Commenced in January 2007
Frequency: Monthly
Edition: International
Paper Count: 31742
Diagnostic Investigation of Aircraft Performance at Different Winglet Cant Angles

Authors: Dinesh M., Kenny Mark V., Dharni Vasudhevan Venkatesan, Santhosh Kumar B., Sree Radesh R., V. R. Sanal Kumar


Comprehensive numerical studies have been carried out to examine the best aerodynamic performance of subsonic aircraft at different winglet cant angles using a validated 3D k-ω SST model. In the parametric analytical studies NACA series of airfoils are selected. Basic design of the winglet is selected from the literature and flow features of the entire wing including the winglet tip effects have been examined with different cant angles varying from 150 to 600 at different angles of attack up to 140. We have observed, among the cases considered in this study that a case, with 150 cant angle the aerodynamics performance of the subsonic aircraft during takeoff was found better up to an angle of attack of 2.80 and further its performance got diminished at higher angles of attack. Analyses further revealed that increasing the winglet cant angle from 150 to 600 at higher angles of attack could negate the performance deterioration and additionally it could enhance the peak CL/CD on the order of 3.5%. The investigated concept of variable-cant-angle winglets appears to be a promising alternative for improving the aerodynamic efficiency of aircraft.

Keywords: Aerodynamic efficiency, Cant-angle, Drag reduction, Flexible Winglets.

Digital Object Identifier (DOI):

Procedia APA BibTeX Chicago EndNote Harvard JSON MLA RIS XML ISO 690 PDF Downloads 3267


[1] Faye, R.; Laprete, R. Winter, M."Blended Winglets" Aero, No. 17, Boeing, January 2002.
[2] J.D. Anderson, Fundamentals of Aerodynamics, McGraw-Hill, New York, 2011.
[3] D. McLean, Understanding Aerodynamics Arguing from the Real Physics, Wiley-Blackwell, Chichester, 2013.
[4] P. Panagiotou, P. Kaparos, K. Yakinthos, Winglet design and optimization for a MALE UAV using CFD, Aerospace Science and Technology, Vol.39, December 2014, pp. 190–205.
[5] P. Bourdin, A. Gatto, and M. I. Friswell."Aircraft Control via Variable Cant-Angle Winglets", Journal of Aircraft, Vol. 45, No. 2, 2008, pp. 414-423.
[6] Langevin, G. S. and Overbey, P., “To Reality: Winglets,” NASA Langley Research Center, October 17, 2003.
[7] Bargsten, Clayton J.; Gibson, Malcolm T., NASA Innovation in Aeronautics: Select Technologies That Have Shaped Modern Aviation, NASA/TM-2011-216987. National Aeronautics and Space Administration. August 2011, pp. 15–21.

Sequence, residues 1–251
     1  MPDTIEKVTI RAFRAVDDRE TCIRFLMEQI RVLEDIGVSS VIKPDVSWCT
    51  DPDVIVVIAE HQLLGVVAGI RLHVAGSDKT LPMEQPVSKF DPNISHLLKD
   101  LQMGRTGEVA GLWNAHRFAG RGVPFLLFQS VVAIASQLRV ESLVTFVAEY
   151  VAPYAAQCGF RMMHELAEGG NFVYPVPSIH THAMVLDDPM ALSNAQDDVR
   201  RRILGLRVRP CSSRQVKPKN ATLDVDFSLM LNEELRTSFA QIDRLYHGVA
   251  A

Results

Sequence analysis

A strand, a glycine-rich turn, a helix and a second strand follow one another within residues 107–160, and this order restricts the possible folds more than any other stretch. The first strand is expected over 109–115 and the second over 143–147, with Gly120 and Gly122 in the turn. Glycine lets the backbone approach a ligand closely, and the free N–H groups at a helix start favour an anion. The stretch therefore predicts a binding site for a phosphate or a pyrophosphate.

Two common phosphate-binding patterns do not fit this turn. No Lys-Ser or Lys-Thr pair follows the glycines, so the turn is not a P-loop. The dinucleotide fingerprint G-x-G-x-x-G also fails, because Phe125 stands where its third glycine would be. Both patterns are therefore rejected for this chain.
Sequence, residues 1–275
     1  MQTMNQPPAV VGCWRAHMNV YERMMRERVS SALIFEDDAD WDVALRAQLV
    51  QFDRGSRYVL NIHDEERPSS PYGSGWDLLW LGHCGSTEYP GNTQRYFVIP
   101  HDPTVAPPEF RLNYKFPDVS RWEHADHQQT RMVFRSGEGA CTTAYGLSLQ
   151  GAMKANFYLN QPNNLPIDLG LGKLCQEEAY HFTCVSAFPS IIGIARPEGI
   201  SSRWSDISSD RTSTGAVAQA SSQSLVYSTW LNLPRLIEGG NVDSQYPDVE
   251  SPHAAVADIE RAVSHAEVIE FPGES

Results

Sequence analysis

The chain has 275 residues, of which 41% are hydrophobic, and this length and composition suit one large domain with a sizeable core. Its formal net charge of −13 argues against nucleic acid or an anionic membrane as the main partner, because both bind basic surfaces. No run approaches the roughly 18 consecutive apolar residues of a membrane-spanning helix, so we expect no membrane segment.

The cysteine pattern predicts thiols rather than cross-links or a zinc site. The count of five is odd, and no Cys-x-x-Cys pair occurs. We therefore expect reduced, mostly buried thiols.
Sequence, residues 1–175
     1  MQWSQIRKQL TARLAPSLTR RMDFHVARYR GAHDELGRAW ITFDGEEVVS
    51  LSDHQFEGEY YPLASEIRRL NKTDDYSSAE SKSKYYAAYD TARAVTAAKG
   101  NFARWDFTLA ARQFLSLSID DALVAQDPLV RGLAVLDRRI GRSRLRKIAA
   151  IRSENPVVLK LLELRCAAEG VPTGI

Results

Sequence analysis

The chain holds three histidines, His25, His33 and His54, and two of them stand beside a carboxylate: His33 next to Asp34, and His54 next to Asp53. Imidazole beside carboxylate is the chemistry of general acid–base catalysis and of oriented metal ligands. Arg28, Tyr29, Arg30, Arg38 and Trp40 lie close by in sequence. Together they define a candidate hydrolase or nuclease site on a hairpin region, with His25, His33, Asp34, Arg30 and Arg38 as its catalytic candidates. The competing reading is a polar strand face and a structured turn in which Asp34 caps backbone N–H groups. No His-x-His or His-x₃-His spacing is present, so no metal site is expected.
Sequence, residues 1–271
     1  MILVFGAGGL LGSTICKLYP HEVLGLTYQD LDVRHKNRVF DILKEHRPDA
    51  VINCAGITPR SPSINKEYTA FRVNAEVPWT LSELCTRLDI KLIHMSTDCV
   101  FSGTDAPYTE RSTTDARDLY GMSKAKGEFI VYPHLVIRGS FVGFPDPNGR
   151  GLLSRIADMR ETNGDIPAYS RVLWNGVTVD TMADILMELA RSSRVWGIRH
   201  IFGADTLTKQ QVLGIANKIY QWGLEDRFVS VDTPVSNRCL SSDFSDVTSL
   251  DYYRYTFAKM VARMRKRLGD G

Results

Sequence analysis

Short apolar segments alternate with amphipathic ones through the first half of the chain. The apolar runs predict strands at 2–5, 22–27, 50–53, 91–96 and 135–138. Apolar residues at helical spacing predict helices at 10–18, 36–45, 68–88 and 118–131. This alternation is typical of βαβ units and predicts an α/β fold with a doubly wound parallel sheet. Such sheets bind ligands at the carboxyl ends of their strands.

[8] M. Young, TheTechnical Writers Handbook.Mill Valley, CA: University Science, 1989.
[9] Faye, R.; Laprete, R Winter, M. "Wingtip Devices." Aero, No. 17, Boeing.
[10] Air & Space Magazine, “How Things Work: Winglets".September 1, 2001.
[11] Culick, F. E. C., “The Wright Brothers: First Aeronautical Engineersand Test Pilots”, AIAA Journal, Vol. 41, No. 6, June 2003, pp. 985–1006.
[12] A. Beechook , J. Wang “Aerodynamic Analysis of Variable Cant AngleWinglets for Improved Aircraft Performance”,Proceedings of the 19 International ConferenceonAutomation & Computing, Brunel University, London, UK,September 2013
[13] R. Hallion, “NASA’s Contributions to Aeronautics:Aerodynamics, Structures, Propulsion, and Controls”, Vol. 1, Washington, DC: NASA SP-2010-570-Vol 1, 2010, pp. 116-118.
[14] M. K. V. Sankrithi, B.J. Frommer, “Controllable Winglets”, United States Patent Document,Patent No. US2008/0308683, 2008.
[15] R. H. Grant, “Retractable Multiple Winglets”,United States Patent Document, Patent No. US2007/0262205, 2007.
[16] M. A. Azlin, C. F. Mat Taib, S. Kasolang, F. H. Muhammad,“CFD Analysis of Winglets at Low Subsonic Flow”,World Congress on Engineering 2011, Vol. 1, 2011, pp. 1-5
[17] A. Hossain, A. Rahman, P. Iqbal, M. Ariffin, M. Mazian, “DragAnalysis of an Aircraft Wing Model with and without BirdFeather like Winglet”,International Journal of Aerospace andMechanical Engineering , 6:1, 2012, pp. 8-13
[18] P. Marks, “Morphing Winglets Make for Greener Aircraft”, NewScientist , Issue 2692, 2009
[19] Jha, A. K., and KudvaSmart, J. N., “Morphing Aircraft Concepts,Classifications, and Challenges,” Structures and Materials 2004:Industrial and Commercial Applications of Smart StructuresTechnologies, Proceedings of SPIE Vol. 5388, International Societyfor Optical Engineering, Bellingham, WA, 2004, pp. 213–224.
[20] Sanders, B., Eastep, F. E., and Forster, E., “Aerodynamic andAero-elastic Characteristics of Wings with Conformal Control Surfacesfor Morphing Aircraft,” Journal of Aircraft, Vol. 40, No. 1, Jan.–Feb. 2003, pp. 94–99.
[21] Raymer, D. P., Aircraft Design: A Conceptual Approach, AIAAEducation Series, AIAA, Reston, VA, 2006, p. 506.
[22] Bae, J. S., Seigler, T. M., and Inman, D. J., “Aerodynamic and StaticAero-elastic Characteristics of a Variable-Span Morphing Wing,”Journal of Aircraft, Vol. 42, No. 2, 2005, pp. 528–534.
[23] A.E. Von Doenhoff, “Investigation of the boundary layer about a symmetrical airfoil in a wind tunnel of low turbulence”, Langley Memorial Aeronautical Laboratory, W.R. No. L.507, NACA, 1940.
[24] Henry, J. J., Blondeau, J. E., and Pines, D. J., “Stability Analysis forUAVs with a Variable Aspect Ratio Wing,” AIAA Paper 2005-2044, April 2005.
[25] Phil Croucher,Jar Professional Pilot Studies. Electrocution. 2005, pp. 2–11. ISBN 978-0-9681928-2-5.